Put Russia into Context
The next administration must consider where Russia fits into its overall foreign-policy objectives.
Editor’s Note: The following is part of a multi-part symposium commissioned by the National Interest and Carnegie Corporation of New York. We asked some of the world’s leading experts about the future of U.S.-Russia relations under President-elect Donald Trump. You can find all of their answers here.
In thinking about U.S. policy toward Russia, I recommend that the incoming Trump administration act to address America’s most urgent priority with respect to Russia—increasingly dangerous interactions that could lead to direct conflict between U.S. and Russian military forces—while considering new approaches to the crises in Ukraine and Syria and re-evaluating U.S. aims in dealing with Moscow.
As an immediate objective, the Trump administration would do well to broaden U.S.-Russian military-to-military contacts both to avoid inadvertent conflict in Syria and to agree on limits to provocative conduct along European-Russian frontiers, especially that involving close encounters between NATO and Russian forces in the air and at sea. This should begin with mutual restraint in operations that are risky in their execution even when technically permissible.
In parallel, the administration should carefully assess U.S. national interests in Ukraine and Syria prior to undertaking a high-level political dialogue with Moscow on those two issues. Before engaging Russia in any concrete negotiations, the Trump administration should also consult U.S. allies in Europe and the Middle East, respectively, to solicit regional perspectives and ultimately to seek support for Washington’s preferred strategy. Generally speaking, the new administration should give priority to achievable solutions that satisfy America’s vital interests rather than seeking unattainable ideal outcomes at the expense of many other American objectives.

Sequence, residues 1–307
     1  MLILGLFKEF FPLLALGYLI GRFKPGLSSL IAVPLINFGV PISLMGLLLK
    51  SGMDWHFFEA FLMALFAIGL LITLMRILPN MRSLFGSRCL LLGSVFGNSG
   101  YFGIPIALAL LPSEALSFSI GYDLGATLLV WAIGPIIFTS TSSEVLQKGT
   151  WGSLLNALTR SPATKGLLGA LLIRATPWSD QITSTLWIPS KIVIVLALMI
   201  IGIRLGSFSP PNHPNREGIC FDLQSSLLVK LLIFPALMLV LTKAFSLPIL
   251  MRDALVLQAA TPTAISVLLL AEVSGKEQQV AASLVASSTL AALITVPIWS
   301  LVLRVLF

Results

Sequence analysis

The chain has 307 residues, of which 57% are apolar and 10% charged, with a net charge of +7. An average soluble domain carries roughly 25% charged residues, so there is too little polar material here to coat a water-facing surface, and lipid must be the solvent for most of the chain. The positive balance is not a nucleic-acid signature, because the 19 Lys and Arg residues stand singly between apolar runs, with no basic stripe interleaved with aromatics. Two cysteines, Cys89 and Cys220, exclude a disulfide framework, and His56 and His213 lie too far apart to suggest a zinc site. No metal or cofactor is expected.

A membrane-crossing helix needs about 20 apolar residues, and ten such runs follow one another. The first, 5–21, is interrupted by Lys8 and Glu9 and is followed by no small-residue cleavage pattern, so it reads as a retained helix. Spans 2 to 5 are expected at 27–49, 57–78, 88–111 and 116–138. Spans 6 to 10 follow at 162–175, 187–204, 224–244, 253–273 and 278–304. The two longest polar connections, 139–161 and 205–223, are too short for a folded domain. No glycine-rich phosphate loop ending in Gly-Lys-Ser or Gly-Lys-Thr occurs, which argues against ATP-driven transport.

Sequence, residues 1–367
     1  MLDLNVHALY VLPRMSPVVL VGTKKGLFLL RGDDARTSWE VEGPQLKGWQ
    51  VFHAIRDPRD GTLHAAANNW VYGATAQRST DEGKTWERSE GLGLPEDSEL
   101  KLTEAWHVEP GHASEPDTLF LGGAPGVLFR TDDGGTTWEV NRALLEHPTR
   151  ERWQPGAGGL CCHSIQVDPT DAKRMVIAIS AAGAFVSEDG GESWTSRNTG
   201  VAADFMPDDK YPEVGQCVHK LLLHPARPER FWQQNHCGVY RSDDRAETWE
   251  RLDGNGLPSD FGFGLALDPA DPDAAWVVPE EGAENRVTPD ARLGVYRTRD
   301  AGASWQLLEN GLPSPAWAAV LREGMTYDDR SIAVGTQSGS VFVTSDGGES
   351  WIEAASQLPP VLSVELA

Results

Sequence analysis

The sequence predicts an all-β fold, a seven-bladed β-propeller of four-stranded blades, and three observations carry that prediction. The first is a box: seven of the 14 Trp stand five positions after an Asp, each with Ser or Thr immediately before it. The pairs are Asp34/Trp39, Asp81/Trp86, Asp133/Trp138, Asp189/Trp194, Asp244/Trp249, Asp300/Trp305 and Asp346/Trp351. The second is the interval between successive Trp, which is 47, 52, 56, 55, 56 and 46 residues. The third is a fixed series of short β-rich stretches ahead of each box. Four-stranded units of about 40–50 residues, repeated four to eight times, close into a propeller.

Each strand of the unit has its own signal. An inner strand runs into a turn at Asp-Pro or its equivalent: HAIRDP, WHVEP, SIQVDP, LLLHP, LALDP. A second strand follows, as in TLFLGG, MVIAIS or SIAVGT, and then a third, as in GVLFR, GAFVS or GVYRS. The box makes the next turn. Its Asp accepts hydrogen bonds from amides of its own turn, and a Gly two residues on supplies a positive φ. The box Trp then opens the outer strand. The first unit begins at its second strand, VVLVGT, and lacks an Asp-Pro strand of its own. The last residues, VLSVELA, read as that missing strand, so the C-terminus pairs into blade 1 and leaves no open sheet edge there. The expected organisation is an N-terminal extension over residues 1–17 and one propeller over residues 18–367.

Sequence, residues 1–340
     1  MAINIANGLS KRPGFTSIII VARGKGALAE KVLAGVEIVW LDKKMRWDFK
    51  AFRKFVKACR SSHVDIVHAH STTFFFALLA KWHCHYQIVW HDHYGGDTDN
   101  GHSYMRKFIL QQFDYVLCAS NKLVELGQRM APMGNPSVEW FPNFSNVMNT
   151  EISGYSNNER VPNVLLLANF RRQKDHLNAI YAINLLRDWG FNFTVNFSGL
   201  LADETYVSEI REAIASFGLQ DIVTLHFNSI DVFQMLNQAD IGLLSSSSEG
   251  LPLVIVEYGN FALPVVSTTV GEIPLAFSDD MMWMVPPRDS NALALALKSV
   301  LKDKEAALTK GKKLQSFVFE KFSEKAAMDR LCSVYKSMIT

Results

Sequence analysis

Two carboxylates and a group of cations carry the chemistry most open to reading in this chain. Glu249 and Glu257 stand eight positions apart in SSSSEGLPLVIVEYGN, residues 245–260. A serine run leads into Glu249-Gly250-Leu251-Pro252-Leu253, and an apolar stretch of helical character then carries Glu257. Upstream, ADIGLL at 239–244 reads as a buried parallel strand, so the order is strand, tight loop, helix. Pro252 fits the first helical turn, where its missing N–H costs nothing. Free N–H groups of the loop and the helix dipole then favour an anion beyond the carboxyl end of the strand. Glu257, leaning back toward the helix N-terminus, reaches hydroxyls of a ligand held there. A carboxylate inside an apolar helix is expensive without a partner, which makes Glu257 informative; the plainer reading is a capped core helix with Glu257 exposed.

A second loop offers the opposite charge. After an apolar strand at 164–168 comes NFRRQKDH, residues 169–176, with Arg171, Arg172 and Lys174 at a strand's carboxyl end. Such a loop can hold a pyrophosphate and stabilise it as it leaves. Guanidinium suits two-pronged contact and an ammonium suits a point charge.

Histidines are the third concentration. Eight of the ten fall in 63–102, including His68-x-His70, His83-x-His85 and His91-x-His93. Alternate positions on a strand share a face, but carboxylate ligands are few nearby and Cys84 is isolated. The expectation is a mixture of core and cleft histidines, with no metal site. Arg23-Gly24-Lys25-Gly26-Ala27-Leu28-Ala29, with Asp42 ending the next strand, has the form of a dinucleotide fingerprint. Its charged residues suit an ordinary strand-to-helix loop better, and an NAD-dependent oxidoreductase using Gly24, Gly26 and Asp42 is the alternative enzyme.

The administration would also do well to define its overall foreign-policy objectives so as to place U.S. policy toward Russia in that context. Maintaining a stable, U.S.-led international system over time will be substantially more difficult if the current Russian rapprochement with China continues, aligning Beijing and Moscow in opposition to the existing order and allowing for both political and policy coordination and high-tech arms sales. While Russia is unlikely to align with the United States in opposition to China, Moscow’s abstention from this competition could advance vital U.S. national interests. Defining U.S. policy toward Russia with only limited consideration of fundamental U.S. foreign-policy objectives—a common tendency in the past—has contributed to today’s dangerous U.S.-Russia confrontation while failing to address some of America’s highest priorities.
Paul J. Saunders is Executive Director at the Center for the National Interest. Follow him on Twitter at @1796farewell.
Image: Vladimir Putin at the opening ceremony of the international military-technical forum “Army-2015.” Kremlin.ru